There are three main types of deposit accounts you can use to save money for your financial goals. Depending on your needs, one or more of the accounts may be an ideal way for you to invest in the future whether you have specific financial goals or just want to build a suitable stash of cash should an emergency strike. If you are not utilizing the right type of savings account for your financial goals, you might be missing the boat.
Three Types of Bank Accounts
Here are the descriptions of three types of bank accounts.
1. Savings Account
A savings account is the simplest of the savings tools and can be opened with a low amount of initial deposit. Most consumers use a savings account in conjunction with a checking account for their basic banking needs. A savings account can be opened through a brick and mortar bank or an online bank. Generally, most basic savings accounts do not have limitations on how much you can deposit or a minimum on how much money you must keep in the account. However, most banks will limit how many withdrawals you can make fee-free during a month. Most savings accounts offer low-interest earnings compared with other savings vehicles, but there is growing competition between banks and online banks to provide the most competitive interest rates.
2. Money Market Account
A money market account will offer a higher rate of interest than a traditional savings account, but more comparable to high-yield savings. A money market’s interest rate will change more quickly in line with the economy. There may also be a minimum balance required to maintain the account per the bank you choose. The funds in the account can be accessed at any time, but the bank will likely impose limits on how many withdrawals can be made.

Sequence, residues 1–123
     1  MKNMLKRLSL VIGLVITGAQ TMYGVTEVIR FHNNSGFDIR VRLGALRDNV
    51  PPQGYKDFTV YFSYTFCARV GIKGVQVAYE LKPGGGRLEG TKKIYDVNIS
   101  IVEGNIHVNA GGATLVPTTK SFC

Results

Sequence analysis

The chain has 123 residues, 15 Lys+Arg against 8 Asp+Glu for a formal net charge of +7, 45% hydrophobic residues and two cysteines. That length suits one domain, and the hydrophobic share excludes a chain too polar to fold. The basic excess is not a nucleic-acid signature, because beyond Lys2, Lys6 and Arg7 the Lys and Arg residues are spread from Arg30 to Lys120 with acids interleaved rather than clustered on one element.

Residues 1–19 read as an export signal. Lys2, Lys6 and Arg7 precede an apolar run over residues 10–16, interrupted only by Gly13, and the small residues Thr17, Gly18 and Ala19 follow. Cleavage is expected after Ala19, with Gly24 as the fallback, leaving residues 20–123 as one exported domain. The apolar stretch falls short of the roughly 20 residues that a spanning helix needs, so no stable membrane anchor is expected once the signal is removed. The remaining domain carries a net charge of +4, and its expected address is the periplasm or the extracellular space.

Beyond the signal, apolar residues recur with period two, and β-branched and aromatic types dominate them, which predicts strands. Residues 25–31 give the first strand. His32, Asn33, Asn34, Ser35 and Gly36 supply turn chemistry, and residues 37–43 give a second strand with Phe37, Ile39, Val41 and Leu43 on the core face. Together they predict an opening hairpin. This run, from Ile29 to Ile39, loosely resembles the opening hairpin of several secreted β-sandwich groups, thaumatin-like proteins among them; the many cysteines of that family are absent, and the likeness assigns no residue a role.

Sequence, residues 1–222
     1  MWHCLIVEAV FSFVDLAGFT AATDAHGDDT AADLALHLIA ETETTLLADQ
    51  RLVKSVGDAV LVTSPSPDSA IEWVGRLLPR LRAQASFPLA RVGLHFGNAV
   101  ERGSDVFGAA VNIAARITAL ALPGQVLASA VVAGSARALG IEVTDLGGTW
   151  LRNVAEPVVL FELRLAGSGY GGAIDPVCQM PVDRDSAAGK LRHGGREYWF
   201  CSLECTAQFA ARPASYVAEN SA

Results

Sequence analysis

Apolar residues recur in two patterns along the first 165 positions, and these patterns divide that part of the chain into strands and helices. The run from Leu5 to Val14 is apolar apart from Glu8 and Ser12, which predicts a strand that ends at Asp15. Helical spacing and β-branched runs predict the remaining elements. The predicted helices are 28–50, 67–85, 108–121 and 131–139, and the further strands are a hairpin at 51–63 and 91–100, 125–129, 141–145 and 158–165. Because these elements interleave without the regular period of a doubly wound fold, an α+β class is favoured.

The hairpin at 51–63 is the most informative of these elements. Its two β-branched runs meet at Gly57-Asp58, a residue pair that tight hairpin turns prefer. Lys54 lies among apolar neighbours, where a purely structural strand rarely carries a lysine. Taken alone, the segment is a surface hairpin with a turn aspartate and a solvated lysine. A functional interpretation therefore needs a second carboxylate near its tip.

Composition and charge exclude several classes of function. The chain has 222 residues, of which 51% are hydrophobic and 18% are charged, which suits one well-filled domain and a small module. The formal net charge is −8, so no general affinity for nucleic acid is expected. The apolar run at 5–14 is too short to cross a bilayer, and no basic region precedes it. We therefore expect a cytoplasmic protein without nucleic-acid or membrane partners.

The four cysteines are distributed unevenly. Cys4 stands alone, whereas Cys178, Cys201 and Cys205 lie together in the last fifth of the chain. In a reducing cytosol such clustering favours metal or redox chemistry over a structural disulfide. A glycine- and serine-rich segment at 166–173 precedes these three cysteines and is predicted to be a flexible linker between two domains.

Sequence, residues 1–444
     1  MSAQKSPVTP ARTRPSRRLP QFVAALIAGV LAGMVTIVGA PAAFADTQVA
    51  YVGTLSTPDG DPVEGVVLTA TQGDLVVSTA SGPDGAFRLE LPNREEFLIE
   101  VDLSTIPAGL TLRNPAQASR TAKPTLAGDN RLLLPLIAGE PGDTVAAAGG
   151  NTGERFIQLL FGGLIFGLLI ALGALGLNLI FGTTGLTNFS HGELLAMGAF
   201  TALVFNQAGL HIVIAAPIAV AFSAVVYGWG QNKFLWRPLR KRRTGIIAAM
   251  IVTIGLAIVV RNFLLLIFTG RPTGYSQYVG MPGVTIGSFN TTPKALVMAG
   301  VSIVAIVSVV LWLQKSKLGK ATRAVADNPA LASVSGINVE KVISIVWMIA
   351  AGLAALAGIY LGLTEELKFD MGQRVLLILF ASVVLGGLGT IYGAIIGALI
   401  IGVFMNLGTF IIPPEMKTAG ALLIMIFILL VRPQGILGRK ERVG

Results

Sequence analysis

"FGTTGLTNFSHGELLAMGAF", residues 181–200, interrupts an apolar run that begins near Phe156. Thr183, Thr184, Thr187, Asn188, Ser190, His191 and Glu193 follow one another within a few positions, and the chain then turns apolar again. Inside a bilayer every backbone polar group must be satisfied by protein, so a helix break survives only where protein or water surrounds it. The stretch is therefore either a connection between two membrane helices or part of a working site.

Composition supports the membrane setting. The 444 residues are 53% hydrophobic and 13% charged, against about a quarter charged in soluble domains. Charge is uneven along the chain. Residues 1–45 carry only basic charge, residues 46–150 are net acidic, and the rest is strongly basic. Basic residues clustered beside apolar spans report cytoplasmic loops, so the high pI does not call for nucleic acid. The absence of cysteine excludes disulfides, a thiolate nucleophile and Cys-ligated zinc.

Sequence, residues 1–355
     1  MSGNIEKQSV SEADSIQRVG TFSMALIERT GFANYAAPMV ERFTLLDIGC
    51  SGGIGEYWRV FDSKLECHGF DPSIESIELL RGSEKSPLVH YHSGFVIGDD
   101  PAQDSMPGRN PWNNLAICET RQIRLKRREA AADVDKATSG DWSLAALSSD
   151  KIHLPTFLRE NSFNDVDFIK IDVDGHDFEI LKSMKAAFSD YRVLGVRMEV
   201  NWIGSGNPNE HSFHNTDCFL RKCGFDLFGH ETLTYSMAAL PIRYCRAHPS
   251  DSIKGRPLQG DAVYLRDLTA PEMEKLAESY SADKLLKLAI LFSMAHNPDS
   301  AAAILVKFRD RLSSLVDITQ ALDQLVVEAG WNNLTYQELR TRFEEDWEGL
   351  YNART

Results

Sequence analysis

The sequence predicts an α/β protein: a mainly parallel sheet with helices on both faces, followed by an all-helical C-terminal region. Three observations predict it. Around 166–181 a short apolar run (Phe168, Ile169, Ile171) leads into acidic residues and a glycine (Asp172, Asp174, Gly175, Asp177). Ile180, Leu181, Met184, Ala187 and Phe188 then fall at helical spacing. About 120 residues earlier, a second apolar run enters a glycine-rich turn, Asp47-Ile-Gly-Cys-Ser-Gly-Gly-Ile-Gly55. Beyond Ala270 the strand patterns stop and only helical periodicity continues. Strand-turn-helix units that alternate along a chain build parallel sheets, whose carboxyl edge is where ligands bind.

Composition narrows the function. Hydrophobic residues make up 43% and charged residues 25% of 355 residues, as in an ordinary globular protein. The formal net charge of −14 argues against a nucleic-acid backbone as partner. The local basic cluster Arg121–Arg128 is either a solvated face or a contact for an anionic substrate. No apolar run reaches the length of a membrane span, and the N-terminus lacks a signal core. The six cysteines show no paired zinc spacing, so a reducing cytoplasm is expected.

Money market account is more common with your Brokerage Account, e.g., any fund not invested in a broker account is put into a money market account.
3. Certificate of Deposit
A certificate of deposit, more commonly known as a CD, is a type of savings account that has more rules than a traditional savings account. You deposit your money into a CD and are required to leave it untouched for a specified amount of time before you have access to the funds, a time period known as its maturity date. If funds are withdrawn before the maturity date, a penalty will be incurred. CDs offer a higher interest rate than other accounts, which is usually set as a fixed rate. Many investors looking for a simple way to invest their cash will choose a certificate of deposit.
Automation is the Key to Savings
You may find that all three types of savings accounts apply to your financial goals and decide to open one of each or you may decide that setting up just one account would serve your immediate needs. Whatever your decision is to start saving, there also needs to be a plan to fund the account regularly. Even those stretched to the limit money-wise can find the cash to dedicate to savings. $25 a week deposited into an account is $100 a month. Over time, the deposits plus interest can generate a sizable amount of cash.
Once you start to see the actual progress of saving money consistently, it can make it easier to commit, but it can still be a struggle in the beginning. Automating your deposits into your savings accounts increases your chances of meeting your savings goals using the ‘out of sight, out of mind’ theory. What you never see, you will probably not miss it.
Tips to Help Build Your Savings
Here are some more tips to help build your savings:
- Start with small increments and build up to more as you can afford it consistently.
- As time goes on and you establish a sizable sum of money, consider starting to invest in the stock market so that your money can grow even faster.
- Set new financial goals regularly and check the terms of the account to make sure they are still in line with what you need to achieve your goals.
- Make every effort not to withdraw the funds in your savings account unless necessary. The longer the funds stay in, the more they can earn over time.